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  • This presentation is very useful in both on board ships and ashore in general in preventing accidents and keeping in mind the importance of safety at all times without fail.
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    Accidentrootcauseinvestigationpresentation Accidentrootcauseinvestigationpresentation Presentation Transcript

    • EXPLORING ROOT CAUSE ACCIDENT INVESTIGATION
    • What is an Accident?
      • An unintended happening, mishap.
      • Most often, an accident is any unplanned event that results in personal injury or property damage.
      • The failure of people, equipment, supplies or surroundings to behave or react as expected causes most accidents.
    • 3 Basic Types of Accidents:
      • Minor Accidents such as paper cuts or fingers or dropping a box of materials.
      • Serious Accident such as incidents that cause injury or damage to equipment or property. For instance a forklift dropping a load or someone falling off a ladder.
      • Accidents that occur over an extended time period such as hearing loss or illness resulting for chemicals
    •  
    • Why Determine Root Cause
      • Will determine how and why of failures.
      • Examine possible corrective action.
      • Aid in the accident prevention and elimination of a clearly identified hazard.
      • Investigation is not intended to place blame.
    • How To Establish Root Cause
      • When investigating, keep the real purpose in mind – ROOT CAUSE.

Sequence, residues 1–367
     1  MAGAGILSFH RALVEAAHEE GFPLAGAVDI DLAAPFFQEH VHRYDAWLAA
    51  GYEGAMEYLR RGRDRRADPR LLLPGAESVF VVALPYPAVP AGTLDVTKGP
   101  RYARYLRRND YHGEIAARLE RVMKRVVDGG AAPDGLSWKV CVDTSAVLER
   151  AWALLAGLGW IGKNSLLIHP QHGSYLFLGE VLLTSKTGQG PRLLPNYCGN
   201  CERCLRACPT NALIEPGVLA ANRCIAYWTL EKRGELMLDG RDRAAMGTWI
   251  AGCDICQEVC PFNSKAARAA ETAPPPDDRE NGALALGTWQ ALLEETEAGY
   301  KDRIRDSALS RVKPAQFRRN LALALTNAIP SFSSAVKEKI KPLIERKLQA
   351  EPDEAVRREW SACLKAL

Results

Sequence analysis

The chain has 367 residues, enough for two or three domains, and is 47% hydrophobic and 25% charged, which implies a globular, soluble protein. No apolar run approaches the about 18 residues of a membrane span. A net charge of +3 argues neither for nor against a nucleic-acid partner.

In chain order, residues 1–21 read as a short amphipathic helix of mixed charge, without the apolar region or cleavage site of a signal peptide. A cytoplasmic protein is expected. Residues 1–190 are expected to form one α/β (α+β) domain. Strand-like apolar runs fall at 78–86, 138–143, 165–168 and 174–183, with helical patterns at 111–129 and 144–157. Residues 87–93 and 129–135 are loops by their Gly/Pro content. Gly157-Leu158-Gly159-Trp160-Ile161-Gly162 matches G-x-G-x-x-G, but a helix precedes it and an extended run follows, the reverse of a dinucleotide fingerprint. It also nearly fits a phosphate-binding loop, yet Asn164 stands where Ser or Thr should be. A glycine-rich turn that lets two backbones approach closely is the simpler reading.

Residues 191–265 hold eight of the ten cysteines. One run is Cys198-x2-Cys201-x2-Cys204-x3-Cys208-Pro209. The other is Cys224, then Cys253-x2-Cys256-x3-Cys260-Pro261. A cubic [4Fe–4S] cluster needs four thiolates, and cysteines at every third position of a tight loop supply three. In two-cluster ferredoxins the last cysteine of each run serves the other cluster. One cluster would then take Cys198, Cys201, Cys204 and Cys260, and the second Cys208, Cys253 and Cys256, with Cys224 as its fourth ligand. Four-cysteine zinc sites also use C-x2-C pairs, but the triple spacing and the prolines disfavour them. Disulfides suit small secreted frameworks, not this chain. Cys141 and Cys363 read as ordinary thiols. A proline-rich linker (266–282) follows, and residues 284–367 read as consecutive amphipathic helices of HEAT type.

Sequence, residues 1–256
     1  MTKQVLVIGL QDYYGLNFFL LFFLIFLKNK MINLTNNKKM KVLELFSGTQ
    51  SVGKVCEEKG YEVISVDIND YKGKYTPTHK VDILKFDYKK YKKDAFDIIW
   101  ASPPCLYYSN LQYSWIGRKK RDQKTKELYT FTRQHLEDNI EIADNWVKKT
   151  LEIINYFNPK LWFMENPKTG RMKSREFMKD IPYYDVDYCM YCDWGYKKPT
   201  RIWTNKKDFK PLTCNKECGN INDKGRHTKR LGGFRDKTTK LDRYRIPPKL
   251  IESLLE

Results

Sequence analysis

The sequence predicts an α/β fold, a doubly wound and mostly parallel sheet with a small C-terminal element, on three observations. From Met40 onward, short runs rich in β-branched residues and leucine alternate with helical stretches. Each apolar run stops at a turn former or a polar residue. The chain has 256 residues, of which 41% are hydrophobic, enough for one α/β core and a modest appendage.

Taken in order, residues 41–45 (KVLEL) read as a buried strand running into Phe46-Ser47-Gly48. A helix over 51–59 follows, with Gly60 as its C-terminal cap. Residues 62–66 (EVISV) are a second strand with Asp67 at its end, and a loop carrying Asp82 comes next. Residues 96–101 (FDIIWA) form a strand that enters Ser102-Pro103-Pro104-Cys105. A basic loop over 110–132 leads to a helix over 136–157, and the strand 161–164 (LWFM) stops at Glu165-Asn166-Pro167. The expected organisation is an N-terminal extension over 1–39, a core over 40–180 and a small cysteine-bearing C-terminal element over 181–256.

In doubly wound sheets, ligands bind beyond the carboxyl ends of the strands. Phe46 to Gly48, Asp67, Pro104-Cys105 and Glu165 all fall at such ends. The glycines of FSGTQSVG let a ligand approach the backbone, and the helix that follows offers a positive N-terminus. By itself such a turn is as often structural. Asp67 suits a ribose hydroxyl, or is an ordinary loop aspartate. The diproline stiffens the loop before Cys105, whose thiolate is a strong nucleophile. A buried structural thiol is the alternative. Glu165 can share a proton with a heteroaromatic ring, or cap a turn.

• Focus on improving the system, not punishing the worker.
      • This requires extensive exploring into all factors of the incident.
    • When Searching For Root Cause:
      • The investigator must search for the cause and effect chain of events that lead to the accident.
      • Keep in mind the effect is the accident.
      • The investigator should work backwards from the incident, which if worked backwards long enough will reveal the root cause.
    • Searching for Root Causes:
      • Dig deep for the root causes (think like a tree root system).
      • A successful root cause analysis will ask the question “why” no less than five times.
      • Patience is the key, keep asking why until the root cause becomes apparent.
      • Always praise employees for their help.
    • Accident Investigation Questions
      • Who was injured?
      • Who witnessed the accident?
      • Who did not witness the accident?
      • What was the injured doing just prior to the accident?
      • What equipment was he/she using?
      • What were the weather, lighting surface conditions?
    • Accident Investigation Qustions
      • 7. When did accident occur?
      • When was medical treatment requested?
      • When did medical personnel arrive?
      • Why did it occur?
    • Interviewing
      • Let each witness speak freely and take notes without distracting the witness (use a tape recorder only with consent of the witness).
      • Use sketches and diagrams to help the witness.
      • Emphasize areas of direct observation and label hearsay accordingly.
      • Record the exact words used by the witness to describe each observation.
    • Interviewing
      • Excellent source of first hand knowledge.
      • May present pitfalls in the form of:
        • Bias
        • Perspective
        • Embellishment